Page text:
The Cowboys’ offense was led by Smith, the league’s MVP that season. Smith hit two touchdowns for almost as many receiving yards (85) as he did rushing yards (88). The Dallas defense locked up Young’s four sacks, keeping Rice 83 yards away on six receptions. The Cowboys successfully defended their title after defeating the Bills in Super Bowl XXVIII.

4. Divisional Round 1972: Cowboys 30, 49ers 28

Dallas had defeated San Francisco in the previous two NFC Championship games. But in 1972, the 49ers crushed the Cowboys in the regular season and held a 28–13 lead through three-quarters of the divisional round. However, the fourth quarter was dominated by Staubach, who set up three scoring shots, including his game-winning pass to Ron Sellers. It was one of Staubach’s 23 career wins in the fourth quarter, whose penchant for late-game wins earned him the nickname “Captain Comeback”. Dallas also received two interceptions from defenseman Charlie Waters, who helped 49ers quarterback Brody go just 150 yards.

3. 1994 NFC Championship Game: 49ers 38, Cowboys 28

The motivated 49ers took a 21-0 lead thanks to two forced losses. Dallas closed the gap to 24–14 before Young hit Rice with a 44-yard bomb shortly before halftime. Despite valiant efforts, the Cowboys were never able to close the gap, failing in their bid to become the first team to win three Super Bowls in a row. Although they fell short of their goal, Aikman called the game the proudest moment for the Cowboys of the ’90s. With Smith playing due to injury, Dallas received a Herculean try from Irvin, who caught 12 passes for 192 yards and two touchdowns.

But the star of the day was Young, who ended the game with a 3-yard touchdown. The former Montana understudy made the winning lap after leading the 49ers to the Super Bowl for the fifth time. Young ended his MVP season with a career-high six touchdowns in the San Francisco Super Bowl victory over the Chargers.

2. 1992 NFC Championship Game: Cowboys 30, 49ers 20

It was a changing of the guard game as the Cowboys toppled the 49ers as a major league team. The Cowboys held a shaky 24–20 lead after Young and Rice connected for a 5-yard touchdown in the fourth quarter. Rather than play conservatively, the Cowboys went for the win when Harper threw a 70-yard slant pass to set up Aikman’s game-deciding pass to Calvin Martin. The Cowboys’ offense was backed up by Smith, who scored 173 yards and two touchdowns on a muddy track. Dallas crushed the Bills 52-17 to win the franchise’s first championship since 1977.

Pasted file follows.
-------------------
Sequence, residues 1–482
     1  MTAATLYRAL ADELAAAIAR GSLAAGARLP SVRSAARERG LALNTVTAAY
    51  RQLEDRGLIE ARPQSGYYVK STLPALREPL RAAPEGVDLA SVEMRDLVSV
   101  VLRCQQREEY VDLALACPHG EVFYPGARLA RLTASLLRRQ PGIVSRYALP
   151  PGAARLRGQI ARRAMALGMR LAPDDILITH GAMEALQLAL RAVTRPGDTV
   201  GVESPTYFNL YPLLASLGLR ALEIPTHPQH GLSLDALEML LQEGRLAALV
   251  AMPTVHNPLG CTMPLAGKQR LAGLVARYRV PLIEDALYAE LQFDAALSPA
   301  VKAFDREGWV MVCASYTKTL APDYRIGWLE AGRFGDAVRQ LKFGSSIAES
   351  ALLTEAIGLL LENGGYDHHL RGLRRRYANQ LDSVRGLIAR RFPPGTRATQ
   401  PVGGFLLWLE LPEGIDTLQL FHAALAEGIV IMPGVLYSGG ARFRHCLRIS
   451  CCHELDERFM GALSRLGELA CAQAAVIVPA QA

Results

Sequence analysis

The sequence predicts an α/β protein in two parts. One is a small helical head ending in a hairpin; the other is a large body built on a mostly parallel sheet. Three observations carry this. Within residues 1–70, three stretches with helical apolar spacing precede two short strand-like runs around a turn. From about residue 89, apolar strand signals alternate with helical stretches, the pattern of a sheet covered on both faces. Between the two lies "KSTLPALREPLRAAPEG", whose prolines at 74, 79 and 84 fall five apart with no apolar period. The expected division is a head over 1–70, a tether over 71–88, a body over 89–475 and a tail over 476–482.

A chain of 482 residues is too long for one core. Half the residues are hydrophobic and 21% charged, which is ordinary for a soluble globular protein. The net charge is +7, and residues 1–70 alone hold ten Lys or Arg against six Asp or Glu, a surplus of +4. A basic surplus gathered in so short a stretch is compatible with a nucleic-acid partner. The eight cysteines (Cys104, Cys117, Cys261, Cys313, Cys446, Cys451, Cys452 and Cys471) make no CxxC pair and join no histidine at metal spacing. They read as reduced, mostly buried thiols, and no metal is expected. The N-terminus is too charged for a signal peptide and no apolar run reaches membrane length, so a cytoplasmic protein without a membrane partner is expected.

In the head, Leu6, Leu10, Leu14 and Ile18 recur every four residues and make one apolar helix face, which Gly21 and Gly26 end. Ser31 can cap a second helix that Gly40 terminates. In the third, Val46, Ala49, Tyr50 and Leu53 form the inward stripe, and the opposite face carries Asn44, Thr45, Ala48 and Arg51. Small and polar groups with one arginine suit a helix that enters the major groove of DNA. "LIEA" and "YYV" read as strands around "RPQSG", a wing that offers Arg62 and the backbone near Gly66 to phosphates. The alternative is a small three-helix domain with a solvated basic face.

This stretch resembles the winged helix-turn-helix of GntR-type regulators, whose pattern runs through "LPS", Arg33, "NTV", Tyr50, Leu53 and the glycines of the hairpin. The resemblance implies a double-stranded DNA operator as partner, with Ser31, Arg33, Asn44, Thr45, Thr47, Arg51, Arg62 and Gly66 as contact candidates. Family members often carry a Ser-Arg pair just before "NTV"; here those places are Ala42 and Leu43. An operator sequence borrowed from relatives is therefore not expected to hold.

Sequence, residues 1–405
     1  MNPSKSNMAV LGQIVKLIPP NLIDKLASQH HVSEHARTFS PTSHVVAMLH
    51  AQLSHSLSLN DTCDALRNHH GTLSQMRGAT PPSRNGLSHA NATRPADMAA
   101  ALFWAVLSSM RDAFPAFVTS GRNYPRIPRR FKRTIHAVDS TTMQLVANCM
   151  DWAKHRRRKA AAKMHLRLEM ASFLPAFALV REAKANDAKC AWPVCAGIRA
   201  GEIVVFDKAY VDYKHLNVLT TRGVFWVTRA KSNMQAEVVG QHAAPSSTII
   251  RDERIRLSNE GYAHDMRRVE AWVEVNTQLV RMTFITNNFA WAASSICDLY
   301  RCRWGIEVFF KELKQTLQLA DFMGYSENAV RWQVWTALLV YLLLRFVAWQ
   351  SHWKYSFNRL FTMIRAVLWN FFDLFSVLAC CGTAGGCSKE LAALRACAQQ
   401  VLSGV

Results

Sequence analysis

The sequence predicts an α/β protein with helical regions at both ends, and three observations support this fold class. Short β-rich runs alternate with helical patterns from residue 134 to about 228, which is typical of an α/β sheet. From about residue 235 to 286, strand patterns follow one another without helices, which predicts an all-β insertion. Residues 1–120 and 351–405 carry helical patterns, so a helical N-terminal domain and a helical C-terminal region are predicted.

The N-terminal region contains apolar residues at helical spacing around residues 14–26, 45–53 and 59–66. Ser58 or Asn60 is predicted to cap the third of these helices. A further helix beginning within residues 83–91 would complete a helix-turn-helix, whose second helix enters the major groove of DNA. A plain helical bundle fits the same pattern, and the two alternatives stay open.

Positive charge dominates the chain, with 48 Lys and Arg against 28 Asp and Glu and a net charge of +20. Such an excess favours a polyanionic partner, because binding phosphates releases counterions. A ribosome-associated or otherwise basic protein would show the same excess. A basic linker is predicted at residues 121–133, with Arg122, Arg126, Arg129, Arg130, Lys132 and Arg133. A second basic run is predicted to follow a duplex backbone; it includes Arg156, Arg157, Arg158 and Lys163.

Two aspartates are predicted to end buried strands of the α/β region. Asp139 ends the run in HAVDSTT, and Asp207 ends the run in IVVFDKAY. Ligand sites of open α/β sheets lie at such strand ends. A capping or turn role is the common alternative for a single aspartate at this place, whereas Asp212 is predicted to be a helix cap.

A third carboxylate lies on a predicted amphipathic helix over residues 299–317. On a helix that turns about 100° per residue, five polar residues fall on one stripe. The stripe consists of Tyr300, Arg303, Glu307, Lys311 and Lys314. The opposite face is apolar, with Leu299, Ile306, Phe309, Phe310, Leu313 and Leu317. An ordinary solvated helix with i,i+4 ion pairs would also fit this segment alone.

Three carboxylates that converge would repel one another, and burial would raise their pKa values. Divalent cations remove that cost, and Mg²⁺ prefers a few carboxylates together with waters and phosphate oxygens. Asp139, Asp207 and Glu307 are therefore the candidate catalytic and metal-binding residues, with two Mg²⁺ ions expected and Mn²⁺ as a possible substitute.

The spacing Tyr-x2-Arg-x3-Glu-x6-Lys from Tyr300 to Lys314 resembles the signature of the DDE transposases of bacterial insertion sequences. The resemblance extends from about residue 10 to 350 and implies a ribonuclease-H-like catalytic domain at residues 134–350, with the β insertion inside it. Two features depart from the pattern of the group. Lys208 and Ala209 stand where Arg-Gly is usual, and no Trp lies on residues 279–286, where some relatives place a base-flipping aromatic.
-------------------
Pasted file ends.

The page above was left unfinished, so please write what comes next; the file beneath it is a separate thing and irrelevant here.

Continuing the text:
1. 1981 NFC Championship Game: 49ers 28, Cowboys 27

The strongest NFC team in the 1970s, the Cowboys hoped to return to the Super Bowl for a sixth time by appearing in the 1981 NFC title game. The Cowboys first needed to get past the San Francisco team, which had a 31-point lead over them back in Week 6. A rematch would have been a completely different story as the two teams faced off in one of the most competitive championship games in NFL history.

The Cowboys took the lead thanks to a 21-yard touchdown pass from Danny White to Doug Cosby with 10:41 left. Trailing 27-21 with 4:54 left, Montana led the 49ers in an 89-yard race that included Lenville Elliott with more runners. Walsh’s offense kept the Cowboys’ defense on their heels with sweeps, a reverse for receiver Freddie Solomon, who had 14 yards, and intermediate passes from Montana to Solomon and fellow wide receiver Dwight Clark (more on him in a second).

Colliding with third and third with 58 seconds left, Montana rolled to the right before being quickly met by three Dallas defensemen. Despite the flurry of defenders, Montana survived and threw the ball into the end zone. Although he couldn’t see him, Montana trusted…



Source: www.cbssports.com